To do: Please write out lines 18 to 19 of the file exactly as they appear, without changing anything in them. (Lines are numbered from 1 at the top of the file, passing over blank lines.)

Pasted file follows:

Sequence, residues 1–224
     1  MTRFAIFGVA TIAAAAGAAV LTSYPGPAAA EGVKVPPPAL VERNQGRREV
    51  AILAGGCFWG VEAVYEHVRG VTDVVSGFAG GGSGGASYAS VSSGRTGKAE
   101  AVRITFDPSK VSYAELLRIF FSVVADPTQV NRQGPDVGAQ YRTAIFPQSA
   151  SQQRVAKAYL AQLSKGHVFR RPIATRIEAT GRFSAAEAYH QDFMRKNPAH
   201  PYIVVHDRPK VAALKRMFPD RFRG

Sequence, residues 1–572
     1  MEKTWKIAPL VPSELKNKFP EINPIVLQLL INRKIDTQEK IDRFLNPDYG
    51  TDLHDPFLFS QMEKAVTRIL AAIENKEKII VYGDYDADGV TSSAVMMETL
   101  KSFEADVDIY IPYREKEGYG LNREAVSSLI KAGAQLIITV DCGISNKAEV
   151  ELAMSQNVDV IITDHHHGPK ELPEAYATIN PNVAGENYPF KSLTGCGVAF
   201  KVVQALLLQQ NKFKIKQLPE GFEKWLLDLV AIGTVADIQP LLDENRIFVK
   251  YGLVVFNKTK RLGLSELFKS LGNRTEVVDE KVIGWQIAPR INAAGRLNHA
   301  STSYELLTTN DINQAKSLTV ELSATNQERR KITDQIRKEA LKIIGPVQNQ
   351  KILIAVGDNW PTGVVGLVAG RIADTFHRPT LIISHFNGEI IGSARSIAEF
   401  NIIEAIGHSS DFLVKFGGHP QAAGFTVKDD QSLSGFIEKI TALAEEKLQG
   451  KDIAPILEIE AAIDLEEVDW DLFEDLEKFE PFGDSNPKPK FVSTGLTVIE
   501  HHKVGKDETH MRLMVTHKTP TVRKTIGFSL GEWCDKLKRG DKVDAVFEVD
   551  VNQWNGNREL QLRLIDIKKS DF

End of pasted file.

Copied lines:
   501  HHKVGKDETH MRLMVTHKTP TVRKTIGFSL GEWCDKLKRG DKVDAVFEVD
   551  VNQWNGNREL QLRLIDIKKS DF